find /tmp -name core -type f -print0 | xargs -0 /bin/rm -f

       Find  files  named core in or below the directory /tmp and delete them,
       processing filenames in  such  a  way  that  file  or  directory  names
       containing spaces or newlines are correctly handled.

       find /tmp -depth -name core -type f -delete

       Find  files  named core in or below the directory /tmp and delete them,
       but more efficiently than in the previous example (because we avoid the
       need  to  use  fork(2)  and  exec(2) to launch rm and we don't need the
       extra xargs process).

       cut -d: -f1 < /etc/passwd | sort | xargs echo

       Generates a compact listing of all the users on the system.

       xargs sh -c 'emacs "$@" < /dev/tty' emacs

       Launches the minimum number of copies of Emacs needed,  one  after  the
       other, to edit the files listed on xargs' standard input.  This example
       achieves the same effect as BSD's -o option, but in a more flexible and
       portable way.


       xargs exits with the following status:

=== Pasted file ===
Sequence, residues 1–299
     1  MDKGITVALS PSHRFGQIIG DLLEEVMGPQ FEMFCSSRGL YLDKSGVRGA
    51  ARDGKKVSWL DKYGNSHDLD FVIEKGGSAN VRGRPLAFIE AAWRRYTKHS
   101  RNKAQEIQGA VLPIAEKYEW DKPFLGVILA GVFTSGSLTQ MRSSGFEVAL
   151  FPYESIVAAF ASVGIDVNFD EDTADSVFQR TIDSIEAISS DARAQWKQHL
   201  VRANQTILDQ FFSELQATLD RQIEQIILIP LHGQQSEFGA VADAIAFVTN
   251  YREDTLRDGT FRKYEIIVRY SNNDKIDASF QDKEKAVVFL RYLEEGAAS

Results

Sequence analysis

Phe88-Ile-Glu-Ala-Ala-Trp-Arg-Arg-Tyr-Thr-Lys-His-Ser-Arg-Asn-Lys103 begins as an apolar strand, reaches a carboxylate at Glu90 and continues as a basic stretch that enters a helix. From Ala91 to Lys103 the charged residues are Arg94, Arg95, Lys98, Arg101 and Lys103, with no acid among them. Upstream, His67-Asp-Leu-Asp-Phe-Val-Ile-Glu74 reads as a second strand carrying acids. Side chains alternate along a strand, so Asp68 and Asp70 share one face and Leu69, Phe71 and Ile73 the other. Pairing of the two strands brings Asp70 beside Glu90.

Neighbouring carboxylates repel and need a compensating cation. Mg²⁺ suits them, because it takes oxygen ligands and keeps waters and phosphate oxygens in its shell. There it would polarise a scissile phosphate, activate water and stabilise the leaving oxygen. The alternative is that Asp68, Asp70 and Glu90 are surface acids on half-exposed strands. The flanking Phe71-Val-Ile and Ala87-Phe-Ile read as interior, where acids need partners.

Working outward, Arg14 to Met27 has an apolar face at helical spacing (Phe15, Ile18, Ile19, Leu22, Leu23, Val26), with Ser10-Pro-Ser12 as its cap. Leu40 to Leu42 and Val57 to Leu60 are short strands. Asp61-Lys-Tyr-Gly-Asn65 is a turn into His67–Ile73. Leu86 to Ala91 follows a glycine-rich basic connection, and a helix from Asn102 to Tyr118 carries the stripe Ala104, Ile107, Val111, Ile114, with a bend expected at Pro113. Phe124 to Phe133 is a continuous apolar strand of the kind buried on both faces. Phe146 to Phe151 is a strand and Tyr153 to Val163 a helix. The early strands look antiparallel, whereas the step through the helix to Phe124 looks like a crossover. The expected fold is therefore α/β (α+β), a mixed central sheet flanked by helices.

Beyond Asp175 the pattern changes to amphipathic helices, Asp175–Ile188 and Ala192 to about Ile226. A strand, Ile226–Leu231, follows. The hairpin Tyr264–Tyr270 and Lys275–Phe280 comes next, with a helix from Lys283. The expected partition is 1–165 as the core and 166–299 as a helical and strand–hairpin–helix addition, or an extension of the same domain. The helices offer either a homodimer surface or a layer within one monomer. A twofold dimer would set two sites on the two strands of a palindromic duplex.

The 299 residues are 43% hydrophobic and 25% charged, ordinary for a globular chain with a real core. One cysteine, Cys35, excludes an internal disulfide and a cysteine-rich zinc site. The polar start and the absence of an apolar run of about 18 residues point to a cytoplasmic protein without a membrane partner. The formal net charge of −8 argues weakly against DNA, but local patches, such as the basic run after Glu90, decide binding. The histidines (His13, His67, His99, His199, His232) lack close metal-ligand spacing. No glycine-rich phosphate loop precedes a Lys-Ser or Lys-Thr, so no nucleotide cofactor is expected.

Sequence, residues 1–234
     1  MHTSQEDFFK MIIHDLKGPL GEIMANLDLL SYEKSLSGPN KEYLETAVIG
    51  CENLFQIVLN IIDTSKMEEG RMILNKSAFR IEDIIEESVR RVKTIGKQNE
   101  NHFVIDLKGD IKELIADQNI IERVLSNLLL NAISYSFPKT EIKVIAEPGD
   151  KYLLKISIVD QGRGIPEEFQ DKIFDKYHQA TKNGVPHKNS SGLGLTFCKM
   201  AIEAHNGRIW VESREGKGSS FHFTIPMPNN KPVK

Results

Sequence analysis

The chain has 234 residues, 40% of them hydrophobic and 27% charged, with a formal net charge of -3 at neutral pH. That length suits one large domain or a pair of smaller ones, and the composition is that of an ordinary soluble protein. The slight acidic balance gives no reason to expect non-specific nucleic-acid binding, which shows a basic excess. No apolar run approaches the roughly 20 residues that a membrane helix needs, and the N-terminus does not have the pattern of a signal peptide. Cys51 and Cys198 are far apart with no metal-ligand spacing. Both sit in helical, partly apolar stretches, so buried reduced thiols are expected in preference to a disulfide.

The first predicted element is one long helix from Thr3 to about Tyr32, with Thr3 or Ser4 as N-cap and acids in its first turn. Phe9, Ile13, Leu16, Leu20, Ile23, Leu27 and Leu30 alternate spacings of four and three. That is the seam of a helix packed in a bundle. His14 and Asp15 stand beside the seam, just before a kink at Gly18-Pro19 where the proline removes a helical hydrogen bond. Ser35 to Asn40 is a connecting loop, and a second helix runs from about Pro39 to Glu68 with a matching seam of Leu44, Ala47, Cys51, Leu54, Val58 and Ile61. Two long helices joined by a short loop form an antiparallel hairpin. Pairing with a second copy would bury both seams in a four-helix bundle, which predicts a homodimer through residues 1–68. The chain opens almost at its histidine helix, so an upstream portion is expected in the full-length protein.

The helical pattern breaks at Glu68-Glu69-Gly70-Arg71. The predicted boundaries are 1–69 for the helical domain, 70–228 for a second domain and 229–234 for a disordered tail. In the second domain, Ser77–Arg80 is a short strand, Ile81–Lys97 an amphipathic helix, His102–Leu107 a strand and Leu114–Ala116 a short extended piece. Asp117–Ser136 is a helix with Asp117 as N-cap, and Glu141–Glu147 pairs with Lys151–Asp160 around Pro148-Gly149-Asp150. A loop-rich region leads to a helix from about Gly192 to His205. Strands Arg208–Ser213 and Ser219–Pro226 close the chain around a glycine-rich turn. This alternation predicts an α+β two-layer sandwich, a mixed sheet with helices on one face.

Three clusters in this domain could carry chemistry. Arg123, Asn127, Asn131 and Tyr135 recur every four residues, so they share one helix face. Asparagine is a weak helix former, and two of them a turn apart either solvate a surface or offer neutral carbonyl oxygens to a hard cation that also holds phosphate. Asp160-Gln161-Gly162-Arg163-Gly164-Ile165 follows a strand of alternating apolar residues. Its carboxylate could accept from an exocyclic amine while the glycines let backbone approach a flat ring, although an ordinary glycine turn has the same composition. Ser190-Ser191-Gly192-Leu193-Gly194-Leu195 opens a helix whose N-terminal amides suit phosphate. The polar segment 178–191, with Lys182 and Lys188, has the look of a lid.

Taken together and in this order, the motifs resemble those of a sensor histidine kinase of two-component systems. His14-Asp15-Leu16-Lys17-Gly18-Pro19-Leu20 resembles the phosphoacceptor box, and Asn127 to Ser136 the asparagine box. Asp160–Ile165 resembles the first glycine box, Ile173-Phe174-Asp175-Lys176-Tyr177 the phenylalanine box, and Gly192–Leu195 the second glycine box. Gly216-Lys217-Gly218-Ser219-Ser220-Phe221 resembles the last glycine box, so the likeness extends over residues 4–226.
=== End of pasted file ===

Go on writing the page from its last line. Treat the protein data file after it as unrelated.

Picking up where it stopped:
0 if it succeeds
       123 if any invocation of the command exited with status 1-125
       124 if the command exited with status 255
       125 if the command is killed by a signal
       126 if the command cannot be run
       127 if the command is not found
       1 if some other error occurred.

       Exit  codes  greater  than 128 are used by the shell to indicate that a
       program died due to a fatal signal.


       As of GNU xargs version 4.2.9, the default behaviour of xargs is not to
       have  a  logical  end-of-file  marker.   POSIX  (IEEE  Std 1003.1, 2004
       Edition) allows this.

       The -l and -i options appear in the 1997 version of the POSIX standard,
       but  do  not appear in the 2004 version of the standard.  Therefore you
       should use -L and -I instead, respectively.

       The POSIX standard allows implementations to have a limit on  the  size
       of arguments to the exec functions.  This limit could be as low as 4096
       bytes including the  size  of  the  environment.   For  scripts  to  be
       portable,  they must not rely on a larger value.  However, I know of no
       implementation whose actual limit is  that  small.   The  --show-limits
       option  can  be  used  to  discover  the  actual limits in force on the
       current system.


       find(1),  locate(1),  locatedb(5),  updatedb(1),  fork(2),   execvp(3),
       kill(1), signal(7),